Re: Ukraine

Ukraine Research Group Blog

One year after Maidan, Ukraine needs empathy more than weapons

It’s been a year since Ukrainians took to the streets to protest, fight and die under the European flags alongside their national banners. The protest won. But the more time passes, the more it becomes obvious just how much trauma was inflicted on these people by violence during the later stages of Maidan, by loss of the established borders of the country and by war in two Eastern regions. So it makes sense to check up the current situation in the relations between Ukraine and Europe from the perspective of psychology and emotions.

I don’t mean any kind of systematic research or scientific psychology – they are yet to pay their attention to Maidan, and I’m no psychologist myself. I mean very practical, very common, very everyday kind of psychology that lay people enjoy so much (including myself). Let’s look at the current feeling between Ukraine and Europe as if this is a popular magazine rather than a research blog.

Every time I read an international article from the Ukrainian media, scroll through my Facebook newsfeed, talk to someone from Ukraine, it’s there: disappointment and anger. Ukrainians – and I’m speaking from the Ukrainian side; someone else has to take it up from the other one – are upset about the amount of support they receive from Europe and the way it’s done. Every time the Russian army units go “on vacation” into Donbas, every time the Kremlin-sponsored rebels launch an attack on the nearly flattened Donetsk airport, every time people die, the Ukrainians hear that the EU is “deeply concerned”. Those “deep concerns” have become a joke in Ukraine.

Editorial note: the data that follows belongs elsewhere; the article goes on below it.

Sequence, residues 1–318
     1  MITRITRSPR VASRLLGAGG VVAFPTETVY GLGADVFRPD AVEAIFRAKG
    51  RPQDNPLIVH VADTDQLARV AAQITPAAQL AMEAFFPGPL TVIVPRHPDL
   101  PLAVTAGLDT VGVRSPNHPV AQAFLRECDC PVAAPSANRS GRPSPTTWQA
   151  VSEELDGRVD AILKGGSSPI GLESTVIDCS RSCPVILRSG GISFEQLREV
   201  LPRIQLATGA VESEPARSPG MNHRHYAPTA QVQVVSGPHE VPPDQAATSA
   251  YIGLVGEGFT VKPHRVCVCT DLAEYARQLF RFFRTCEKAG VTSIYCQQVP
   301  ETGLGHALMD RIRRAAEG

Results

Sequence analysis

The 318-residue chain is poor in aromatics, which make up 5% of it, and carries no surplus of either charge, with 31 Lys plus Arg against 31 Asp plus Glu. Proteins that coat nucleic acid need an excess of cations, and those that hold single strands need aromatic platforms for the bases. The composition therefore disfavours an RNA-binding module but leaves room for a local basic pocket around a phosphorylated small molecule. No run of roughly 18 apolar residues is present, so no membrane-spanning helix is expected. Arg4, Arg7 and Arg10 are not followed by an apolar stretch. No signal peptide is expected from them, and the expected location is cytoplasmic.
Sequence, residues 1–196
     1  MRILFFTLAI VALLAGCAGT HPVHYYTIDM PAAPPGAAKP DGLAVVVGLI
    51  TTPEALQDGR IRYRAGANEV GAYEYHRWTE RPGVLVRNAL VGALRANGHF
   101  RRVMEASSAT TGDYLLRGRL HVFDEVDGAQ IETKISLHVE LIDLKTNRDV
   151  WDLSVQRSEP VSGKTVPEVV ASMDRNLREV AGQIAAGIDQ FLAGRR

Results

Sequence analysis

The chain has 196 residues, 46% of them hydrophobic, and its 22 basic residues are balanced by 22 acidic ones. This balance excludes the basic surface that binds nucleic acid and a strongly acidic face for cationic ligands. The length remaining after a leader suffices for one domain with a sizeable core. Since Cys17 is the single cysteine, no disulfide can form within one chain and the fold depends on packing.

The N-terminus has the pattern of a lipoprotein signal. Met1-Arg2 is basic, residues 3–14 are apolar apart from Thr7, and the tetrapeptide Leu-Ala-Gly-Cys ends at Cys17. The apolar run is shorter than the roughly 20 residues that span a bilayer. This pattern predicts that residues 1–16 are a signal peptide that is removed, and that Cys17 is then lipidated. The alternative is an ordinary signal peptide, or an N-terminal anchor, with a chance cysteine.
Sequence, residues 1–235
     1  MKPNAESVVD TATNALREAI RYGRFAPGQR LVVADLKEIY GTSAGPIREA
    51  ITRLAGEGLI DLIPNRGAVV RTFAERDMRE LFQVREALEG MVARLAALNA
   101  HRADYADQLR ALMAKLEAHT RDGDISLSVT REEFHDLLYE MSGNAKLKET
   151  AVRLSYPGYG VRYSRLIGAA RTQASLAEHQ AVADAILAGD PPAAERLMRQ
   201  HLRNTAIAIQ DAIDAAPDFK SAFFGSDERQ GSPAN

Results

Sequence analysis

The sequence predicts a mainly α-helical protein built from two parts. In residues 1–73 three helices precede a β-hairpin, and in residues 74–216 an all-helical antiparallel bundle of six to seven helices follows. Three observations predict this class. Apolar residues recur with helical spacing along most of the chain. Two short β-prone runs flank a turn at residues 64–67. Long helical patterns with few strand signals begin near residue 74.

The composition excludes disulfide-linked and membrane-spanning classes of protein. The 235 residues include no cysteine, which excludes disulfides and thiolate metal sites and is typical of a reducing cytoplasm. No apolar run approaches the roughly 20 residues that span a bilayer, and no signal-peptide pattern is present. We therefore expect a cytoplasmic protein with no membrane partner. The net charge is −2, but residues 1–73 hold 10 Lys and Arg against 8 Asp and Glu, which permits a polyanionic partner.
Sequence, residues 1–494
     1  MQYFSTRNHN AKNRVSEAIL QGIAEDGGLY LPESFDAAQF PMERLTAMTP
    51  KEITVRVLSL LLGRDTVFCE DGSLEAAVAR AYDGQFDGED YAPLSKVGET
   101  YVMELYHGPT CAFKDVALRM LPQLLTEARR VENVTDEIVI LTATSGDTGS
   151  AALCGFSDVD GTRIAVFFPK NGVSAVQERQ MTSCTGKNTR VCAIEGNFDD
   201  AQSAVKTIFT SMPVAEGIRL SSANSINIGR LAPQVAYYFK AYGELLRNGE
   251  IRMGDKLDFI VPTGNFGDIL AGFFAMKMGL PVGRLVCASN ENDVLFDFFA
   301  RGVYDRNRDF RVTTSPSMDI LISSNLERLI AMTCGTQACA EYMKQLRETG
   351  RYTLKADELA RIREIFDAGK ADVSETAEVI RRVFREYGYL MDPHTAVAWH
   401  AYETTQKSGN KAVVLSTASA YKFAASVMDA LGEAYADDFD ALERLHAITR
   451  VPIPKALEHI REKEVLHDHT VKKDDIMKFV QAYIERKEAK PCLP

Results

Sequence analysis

Ukrainians are told they will never on Earth receive weapons from the West. They are told they can’t count on joining the EU not even anytime soon but ever. They hear foreign ministers and presidents of states lambasting them for “the civil war” they never wanted and suggesting they are a natural part of Russia’s sphere of influence. All of a sudden, everyone’s an expert on how much Ukrainian and Russian languages differ. All of a sudden, everyone’s an expert on the history of Ukraine and Russia. Everyone’s an expert on why the war has started.

The Ukrainian anger at some Europeans and even entire European states is understandable – it’s because Ukrainians are grumpy, whimsical and ungrateful. Their state is near bankrupt and largely supported by Western nations through the IMF. The EU does provide tangible support to the country and its army, both material and non-material support (such as in a recently launched SIDA project on sharing the Nordic experience of decentralisation – just one example out of dozens). Finally, Europe does say it is concerned, which isn’t nothing, and it imposed the sanctions on Russia that have recently visibly decreased Moscow’s willingness to keep harassing its neighbour while it is desperately trying to break out of the curse of its history. So complaining about the lack of the European support is in reality counter-productive and highly emotional.